Milton "Bill" Finger (February 8, 1914 January 18, 1974) is the original writer of ''Franchise/{{Batman}}'', a character which, together with Bob Kane, he developed for the comic book ''Detective Comics ''ComicBook/DetectiveComics #27'', published by National Allied Publications, which would eventually become Creator/DCComics. By personality, Finger was shy and retiring, and not very well equipped to deal with DC's management; due to this, Bob Kane became the dominant spokesman for Batman and ultimately negotiated a contract for the character with the stipulation that Batman always be undersigned as "Created by Bob Kane". While for most of his career he would downplay Finger's contributions, Kane later admitted in his final years that Finger was the co-creator of Batman and that he played an "unsung role" in his creation. DC Comics, while honoring the letter of Kane's byline, began to publicly acknowledge Finger as a co-creator of Batman and his RoguesGallery.


In 2012, Marc Tyler Nobleman and Ty Templeton created a graphic biography called "Bill the Boy Wonder" that revived interest in Bill Finger's name and reputation. [[http://www.hollywoodreporter.com/heat-vision/dc-entertainment-give-classic-batman-824572 In 2015]], Warner Bros. and DC announced that Finger [[VindicatedByHistory would be credited]] as co-creator of Batman in future projects, starting from the second season of ''Series/{{Gotham}}'', ''Film/BatmanVSupermanDawnOfJustice'' and ''Batman: Return to Arkham''. A 2017 [[https://www.youtube.com/watch?v=YcBDjjY2swE documentary,]] ''Batman & Bill'', sheds more light on Finger's personal life and of Nobleman's efforts to get DC Comics to eventually acknowledge his contributions.

to:

In 2012, Marc Tyler Nobleman and Ty Templeton created a graphic biography called "Bill the Boy Wonder" that revived interest in Bill Finger's name and reputation. [[http://www.hollywoodreporter.com/heat-vision/dc-entertainment-give-classic-batman-824572 In 2015]], Warner Bros. and DC announced that Finger [[VindicatedByHistory would be credited]] as co-creator of Batman in future projects, starting from the second season of ''Series/{{Gotham}}'', ''Film/BatmanVSupermanDawnOfJustice'' and ''Batman: Return to Arkham''. A 2017 [[https://www.youtube.com/watch?v=YcBDjjY2swE documentary,]] ''Batman & Bill'', sheds more light on Finger's personal life and of Nobleman's efforts to get DC Comics to eventually acknowledge his contributions.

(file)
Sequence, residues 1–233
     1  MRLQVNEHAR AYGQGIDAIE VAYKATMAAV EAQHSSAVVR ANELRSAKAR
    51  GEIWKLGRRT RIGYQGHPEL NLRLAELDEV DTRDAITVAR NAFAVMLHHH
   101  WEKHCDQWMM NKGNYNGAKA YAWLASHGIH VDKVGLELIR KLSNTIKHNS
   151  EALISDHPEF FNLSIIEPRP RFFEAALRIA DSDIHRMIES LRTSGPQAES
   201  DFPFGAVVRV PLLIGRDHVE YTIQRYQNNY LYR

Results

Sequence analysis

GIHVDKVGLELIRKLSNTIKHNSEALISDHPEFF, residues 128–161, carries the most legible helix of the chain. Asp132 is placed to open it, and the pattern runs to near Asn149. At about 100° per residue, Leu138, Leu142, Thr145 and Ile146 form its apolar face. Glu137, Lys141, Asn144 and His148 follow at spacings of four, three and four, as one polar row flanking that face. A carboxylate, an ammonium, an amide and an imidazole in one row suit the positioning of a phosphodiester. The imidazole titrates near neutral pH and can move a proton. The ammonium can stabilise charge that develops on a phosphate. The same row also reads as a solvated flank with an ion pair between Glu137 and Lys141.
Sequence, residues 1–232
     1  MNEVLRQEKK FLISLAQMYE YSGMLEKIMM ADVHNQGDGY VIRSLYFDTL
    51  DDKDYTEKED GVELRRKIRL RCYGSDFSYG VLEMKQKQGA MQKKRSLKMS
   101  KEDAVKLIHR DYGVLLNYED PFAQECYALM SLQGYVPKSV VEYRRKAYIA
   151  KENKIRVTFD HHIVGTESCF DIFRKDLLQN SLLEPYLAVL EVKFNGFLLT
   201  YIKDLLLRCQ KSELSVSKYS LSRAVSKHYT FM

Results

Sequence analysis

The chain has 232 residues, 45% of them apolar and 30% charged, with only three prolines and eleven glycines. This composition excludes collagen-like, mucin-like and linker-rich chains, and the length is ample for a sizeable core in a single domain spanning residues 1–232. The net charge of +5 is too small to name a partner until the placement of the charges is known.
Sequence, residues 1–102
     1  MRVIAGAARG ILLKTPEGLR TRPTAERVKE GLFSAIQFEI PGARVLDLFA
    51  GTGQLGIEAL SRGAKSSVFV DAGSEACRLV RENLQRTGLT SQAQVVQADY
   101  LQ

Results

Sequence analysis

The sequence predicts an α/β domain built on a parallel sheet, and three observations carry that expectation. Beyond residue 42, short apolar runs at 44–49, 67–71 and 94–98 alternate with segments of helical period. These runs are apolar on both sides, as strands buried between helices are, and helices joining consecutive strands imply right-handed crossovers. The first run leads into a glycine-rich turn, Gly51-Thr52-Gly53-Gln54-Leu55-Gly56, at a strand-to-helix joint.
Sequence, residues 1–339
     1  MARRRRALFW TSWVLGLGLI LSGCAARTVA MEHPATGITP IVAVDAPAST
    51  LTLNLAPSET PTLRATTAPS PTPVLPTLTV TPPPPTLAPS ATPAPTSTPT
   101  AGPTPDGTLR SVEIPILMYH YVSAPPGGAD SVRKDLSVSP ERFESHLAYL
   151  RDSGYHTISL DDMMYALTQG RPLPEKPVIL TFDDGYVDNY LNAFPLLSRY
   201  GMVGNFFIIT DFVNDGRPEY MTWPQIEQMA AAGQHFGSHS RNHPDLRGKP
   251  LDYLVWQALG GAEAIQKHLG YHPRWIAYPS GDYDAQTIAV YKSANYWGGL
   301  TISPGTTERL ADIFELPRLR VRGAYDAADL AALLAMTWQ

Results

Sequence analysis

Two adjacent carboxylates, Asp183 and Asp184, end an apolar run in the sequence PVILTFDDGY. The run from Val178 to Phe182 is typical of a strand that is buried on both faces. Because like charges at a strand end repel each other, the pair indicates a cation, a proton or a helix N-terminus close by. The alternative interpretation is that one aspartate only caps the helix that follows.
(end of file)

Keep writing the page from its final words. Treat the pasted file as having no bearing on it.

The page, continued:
contributions. In December 2017, Nobleman successfully campaigned to rename [[https://www.bleedingcool.com/2017/12/09/bill-finger-street-sign-batman/ the intersection of East 192nd Street and Grand Concourse]] [[NamedAfterSomebodyFamous as Bill Finger Way]]. The street overlooks Poe Park in the Bronx where Finger would meet with Kane to hash out ideas about Batman, and is considered the place where Batman was truly born.


Milton "Bill" Finger (February 8, 1914 January 18, 1974) is the original writer of ''Franchise/{{Batman}}'', a character which, together with Bob Kane, he developed for the comic book ''Detective Comics #27'', published by National Allied Publications, which would eventually become Creator/DCComics. By personality, Finger was shy and retiring, and not very well equipped to deal with DC's management; Due to this, Bob Kane became the dominant spokesman for Batman and ultimately negotiated a contract for the character with the stipulation that Batman always be undersigned as "Created by Bob Kane". While for most of his career he would downplay Finger's contributions, Kane later admitted in his final years that Finger was the co-creator of Batman and that he played an "unsung role" in his creation. DC Comics, while honoring the letter of Kane's byline, began to publicly acknowledge Finger as a co-creator of Batman and his RoguesGallery.

to:

Milton "Bill" Finger (February 8, 1914 January 18, 1974) is the original writer of ''Franchise/{{Batman}}'', a character which, together with Bob Kane, he developed for the comic book ''Detective Comics #27'', published by National Allied Publications, which would eventually become Creator/DCComics. By personality, Finger was shy and retiring, and not very well equipped to deal with DC's management; Due due to this, Bob Kane became the dominant spokesman for Batman and ultimately negotiated a contract for the character with the stipulation that Batman always be undersigned as "Created by Bob Kane". While for most of his career he would downplay Finger's contributions, Kane later admitted in his final years that Finger was the co-creator of Batman and that he played an "unsung role" in his creation. DC Comics, while honoring the letter of Kane's byline, began to publicly acknowledge Finger as a co-creator of Batman and his RoguesGallery.